Friday, May 12, 2017
The New York Slimes
All the news that bullshit
Right wing media is filled with paranoia over how slanted the so-called mainstream media has become – possibly because with outlets like The New York Times, The Washington Post and CNN slanted their news coverage, Fox can no longer take credit as the “bad boys” of Journalism, and by comparison, Fox even looks and sounds reasonable. This is a remarkable accomplishment that should be mainstream media some comfort since they have ranted and raved for years about how slanted Fox was.
Perhaps we ought to award the mainstream media a Pulitzer Prize for this, except in accomplishing this feat, mainstream media has completed gutted journalistic integrity and violated every possible principle of journalistic ethics.
News reporters working for these organizations should go back to college and get their money back. They obviously learned nothing while at school, except out to use a thesaurus to help manipulate the general public into believing a skewed point of view. Any weekend edition of The New York Times becomes a lesson in how not to be an objective journalist.
You can’t blame NPR or any of its affiliates since they never pretended to be objective, and has also been something of a minor league of news where second rate reporters go to earn a living or washed up mainstream reporters go to die. NPR has been so unobjective over the years, some of its reporters even earned citizenship medals from President Obama for slanting their news to the left – such as the medal awarded to the host of Fresh Air, whose claim to fame was bushwhacking Mrs. Reagan in the 1980s.
NPR hasn’t improved; mainstream media, envious of NPR’s ability to slant stories, has moved to the left as well, largely becoming the propaganda arm for the Democratic Party.
Why is this happening, you might ask?
There are a number of theories, among which is that media has become full of itself, believing its role is not to merely report the news (well or not) but to influence public opinion, elevating itself as the Fourth Estate to a role that historically required an election and oversight, and a balance of power among those who govern.
Media has no oversight. It operates on its own rules. Attack it, and it bands together like a pack of rats, much the way the American Medical Association does anytime anyone criticizes a bad doctor or the way members of a mob family might when one of its own is threatened.
Editors no longer demand objectivity. In fact, they seemed determine to interject personal opinion into news pages, making frequent use of yellow prose that will not-so-subtly force readers to accept as truth their opinions. Any accurate study of a Sunday Times will show this abuse as the purple prose proliferates every section from real estate to entertainment in a non-stop attack on the current administration. Since The New York Times is considered the bible of journalism by many, far lesser news organizations such as CNN and The Washington Post become poster children of outrageous violations of journalistic ethics – partly as a Harpers Magazine article recently noted – the reporters and editors see themselves on social par with the people they are covering – a ludicrous idea at best, and a dangerous one at worst.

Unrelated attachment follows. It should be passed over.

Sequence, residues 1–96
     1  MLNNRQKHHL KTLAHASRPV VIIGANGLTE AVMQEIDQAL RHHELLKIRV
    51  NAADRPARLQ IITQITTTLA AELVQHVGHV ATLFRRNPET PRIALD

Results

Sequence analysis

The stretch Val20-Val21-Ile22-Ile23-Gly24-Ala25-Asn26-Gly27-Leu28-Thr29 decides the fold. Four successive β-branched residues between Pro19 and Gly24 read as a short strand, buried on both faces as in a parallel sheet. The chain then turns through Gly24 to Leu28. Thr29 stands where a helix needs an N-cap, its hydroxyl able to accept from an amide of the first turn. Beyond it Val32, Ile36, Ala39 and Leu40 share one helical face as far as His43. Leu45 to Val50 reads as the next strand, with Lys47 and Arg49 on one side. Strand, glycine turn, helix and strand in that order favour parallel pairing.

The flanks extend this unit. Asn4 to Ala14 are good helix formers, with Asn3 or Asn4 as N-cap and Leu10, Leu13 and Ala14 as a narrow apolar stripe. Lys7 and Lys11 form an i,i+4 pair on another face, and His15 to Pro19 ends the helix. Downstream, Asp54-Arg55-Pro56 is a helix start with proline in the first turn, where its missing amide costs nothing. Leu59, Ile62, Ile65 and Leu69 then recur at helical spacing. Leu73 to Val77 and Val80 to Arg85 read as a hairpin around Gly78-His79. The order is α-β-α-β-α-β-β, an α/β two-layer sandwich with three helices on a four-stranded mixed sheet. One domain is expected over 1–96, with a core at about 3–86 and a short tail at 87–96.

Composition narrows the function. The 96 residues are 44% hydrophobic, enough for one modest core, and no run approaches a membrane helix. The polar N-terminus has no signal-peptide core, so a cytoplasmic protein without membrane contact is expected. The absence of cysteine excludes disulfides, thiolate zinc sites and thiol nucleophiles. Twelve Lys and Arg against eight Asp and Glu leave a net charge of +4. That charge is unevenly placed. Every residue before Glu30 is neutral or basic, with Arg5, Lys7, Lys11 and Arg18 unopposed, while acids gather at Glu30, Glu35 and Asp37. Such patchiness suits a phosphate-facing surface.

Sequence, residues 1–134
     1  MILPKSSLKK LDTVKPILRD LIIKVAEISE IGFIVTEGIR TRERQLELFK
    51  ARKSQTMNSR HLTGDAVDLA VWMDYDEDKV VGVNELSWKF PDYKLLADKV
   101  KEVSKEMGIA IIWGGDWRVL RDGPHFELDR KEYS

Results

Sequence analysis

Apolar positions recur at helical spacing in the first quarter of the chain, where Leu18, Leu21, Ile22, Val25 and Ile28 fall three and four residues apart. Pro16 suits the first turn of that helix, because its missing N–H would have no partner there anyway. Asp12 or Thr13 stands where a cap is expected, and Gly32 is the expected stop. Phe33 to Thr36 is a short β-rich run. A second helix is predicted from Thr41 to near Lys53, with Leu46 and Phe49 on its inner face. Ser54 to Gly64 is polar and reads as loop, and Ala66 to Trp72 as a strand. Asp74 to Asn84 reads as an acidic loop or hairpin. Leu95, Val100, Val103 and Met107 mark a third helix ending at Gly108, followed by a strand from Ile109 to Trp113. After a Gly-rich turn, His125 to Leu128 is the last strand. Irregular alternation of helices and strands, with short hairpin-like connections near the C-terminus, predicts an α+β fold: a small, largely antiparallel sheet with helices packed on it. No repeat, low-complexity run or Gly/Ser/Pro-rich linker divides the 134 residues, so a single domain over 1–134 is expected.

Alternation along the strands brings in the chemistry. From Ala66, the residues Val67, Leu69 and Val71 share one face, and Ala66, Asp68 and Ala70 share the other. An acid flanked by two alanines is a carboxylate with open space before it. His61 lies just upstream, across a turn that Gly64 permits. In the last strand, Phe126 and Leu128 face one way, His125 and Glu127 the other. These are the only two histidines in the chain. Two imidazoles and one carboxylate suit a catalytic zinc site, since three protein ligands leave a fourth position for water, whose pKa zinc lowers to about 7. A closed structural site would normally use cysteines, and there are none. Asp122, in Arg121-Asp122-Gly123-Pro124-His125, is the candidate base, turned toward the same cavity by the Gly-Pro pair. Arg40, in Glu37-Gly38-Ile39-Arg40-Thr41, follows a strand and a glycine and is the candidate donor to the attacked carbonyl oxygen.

Corrupt reporters have always been a fact of life, reporters that are on the take from one party or even the mob (as made clear in the movie The Godfather), but in the past, there were internal checks and balances, responsible editors and publishers, some who still remembered the ethical boundaries that keep the news industry honest.
This is the big change – partly due to the sometimes brilliant and yet clearly flawed reporting that brought down President Nixon in the aftermath of Watergate.
Now, every news agency thinks it has the power to bring down a government it does not like – and so leaps into each edition with both feet.
Even that would not be horrible if it was done innocently and fairly, attacking all leaders regardless of party affiliation.
Some right wing radio hosts believe the real cause of this shift to the left comes from how news organization recruits journalists. New journalists do not learn their craft in the newsroom so much as in a class room, and so some people feel, they get indoctrinated by a largely left corps of left wing professors long before they actually put pen to paper (a lost concept) in a news room.
There may be some truth to this since we see a similar left wing propaganda infecting other graduates such as the proliferation of those with Masters of Fine Arts that parade the world without any real vision of reality and no sense of social purpose other than the one injected into their naïve heads while in the classroom.
But empty-headed artists are far less dangerous than a similar breed of journalist who comes into the newsroom with preconceived notions and no notion of objectivity. This would not be as serious even were the newsrooms occupied with a better breed of editor, whose world experience might temper these misguided newbies. The problem is that editors are of the same ethic-illiterate breed, and publishers – seeking to supply fodder for a particular audience – allow news to be distorted to fit the preconceived opinions of their target audience.
So we get an invasion of gonzo journalists, combined with unethical editors and unscrupulous publishers in a perfect storm of bad journalism – paving the way for a kind of propaganda even Stalin might have envied, unchecked by any other real power, attacking anybody who dares call their journalism unfair.
On top of all this is the idea that media organizations believe it is their duty to take political positions – outside the editorial pages – blurring the line between fact and opinion in an effort to steer the public in a particular direction – checked by nobody, not even journalism organizations such as the Society of Professional Journalists who should be but won’t criticize their own or hold them accountable for the gross misconduct that we now see as main stream media news.
And God help anyone who is not a journalist who dares to tell these news dilatants that they are wrong.
Never mess with anybody who buys ink by the barrel.